Every thriller being published these days is being marketed as either the next Gone Girl or The Girl on the Train. Probably about half of the stack of ARCs I have to read this month mention one or both of those titles in the description of the novel. While I’m trying not to get sucked in by that hype – especially given my dislike of Girl on a Train, I can’t help but be curious. I’m always looking for a really good mystery thriller that actually does capture my attention and which I cannot put down. All the Missing Girls managed to succeed where so often novels fail.
The concept of this novel is fascinating. It starts out moving in a linear fashion, then jumps ahead two weeks and continues to tell the story in reverse, slowly unfolding each day then going to the day before. This sounded like nothing more than a gimmick to me at first, but in all honesty it works. Each day reveals just enough, with just enough foreshadowing that it keeps you turning the pages to find out what really happened. And not only are you interested in what is happening the “present” but you’re also piecing together details from what happened a decade earlier.
If I had a complaint about this book, it would be the lack of female characters, as the narrator is the only main female character in the book and is rarely seen interacting with other females. And if you really wanted to look at this novel through a feminist lens, there are probably several other things that you could really tear it apart for, but as I just wanted to read a page-turner mystery, I wasn’t willing to analyze it that completely.
Overall I really enjoyed this book and definitely recommend it if you’re interested in suspense and “psychological thrillers.” Don’t be turned off by the hype or the comparison to Girl on a Train. This really was a good read.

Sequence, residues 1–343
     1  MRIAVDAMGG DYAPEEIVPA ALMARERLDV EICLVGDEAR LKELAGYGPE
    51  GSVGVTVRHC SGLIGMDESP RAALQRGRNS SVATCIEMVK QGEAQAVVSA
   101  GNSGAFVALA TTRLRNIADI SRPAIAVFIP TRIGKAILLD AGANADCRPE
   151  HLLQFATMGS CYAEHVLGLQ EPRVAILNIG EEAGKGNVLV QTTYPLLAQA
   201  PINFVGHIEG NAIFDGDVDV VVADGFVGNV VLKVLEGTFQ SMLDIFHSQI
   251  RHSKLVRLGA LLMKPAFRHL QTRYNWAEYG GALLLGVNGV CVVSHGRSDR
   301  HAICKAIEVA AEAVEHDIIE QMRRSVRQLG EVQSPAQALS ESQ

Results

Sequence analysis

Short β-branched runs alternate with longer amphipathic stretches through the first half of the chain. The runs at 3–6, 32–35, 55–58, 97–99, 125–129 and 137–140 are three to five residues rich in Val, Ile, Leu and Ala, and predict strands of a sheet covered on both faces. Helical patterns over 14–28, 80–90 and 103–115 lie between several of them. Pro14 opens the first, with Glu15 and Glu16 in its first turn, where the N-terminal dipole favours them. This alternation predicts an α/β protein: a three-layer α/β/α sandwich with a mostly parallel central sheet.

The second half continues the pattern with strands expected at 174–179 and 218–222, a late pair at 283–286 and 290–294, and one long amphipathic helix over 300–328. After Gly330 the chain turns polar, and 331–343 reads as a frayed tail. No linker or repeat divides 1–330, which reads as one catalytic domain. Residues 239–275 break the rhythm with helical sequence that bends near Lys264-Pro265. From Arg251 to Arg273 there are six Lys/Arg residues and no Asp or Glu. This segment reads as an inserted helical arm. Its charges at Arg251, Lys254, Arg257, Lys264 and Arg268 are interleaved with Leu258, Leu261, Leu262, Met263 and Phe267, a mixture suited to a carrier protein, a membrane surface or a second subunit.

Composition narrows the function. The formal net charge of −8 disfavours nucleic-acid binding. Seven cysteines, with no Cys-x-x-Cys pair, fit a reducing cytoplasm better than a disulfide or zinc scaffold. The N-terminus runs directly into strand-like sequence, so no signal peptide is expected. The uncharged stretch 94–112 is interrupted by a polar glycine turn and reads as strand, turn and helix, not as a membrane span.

Last year I participated in ARC August, hosted by Read.Sleep.Repeat. for the very first time and was able to make a nice dent in my ARC pile. I enjoyed it so much I decided to try again this year.
This year I’m pretty sure that pile is even larger than last year’s pile, but I’ve been reading at a slower pace so I’m not sure I’ll be nearly as successful as I was last year, but here’s hoping I get through at least some of the books on my pile!
Despite knowing I will be unlikely to make it through a large stack of ARCs, I’m still being rather ambitious in my plans for this month’s reading. Most of these are books that have now been out a while and I just haven’t found the time to read them, but a few have yet to be published. My list of ARCs include:
- The Fifth Petal by Brunonia Barry
- The Widow by Fiona Barton
- I Let You Go by Clare Mackintosh
- Behind Closed Doors by B.A. Paris
- A Hundred Thousand Worlds by Bob Proehl
- The Wonder by Emma Donoghue
- The Outliers by Kimberly McCreight
- The Sudden Appearance of Hope by Claire North (an eARC)
- All the Missing Girls by Megan Miranda (not pictured)
I know that’s a pretty long list, but I also know I can do it if I put my mind to it – I’m just worried there are so many other things going on this month that I just might not have the time. But if you follow along here each week I’ll be updating you on my progress!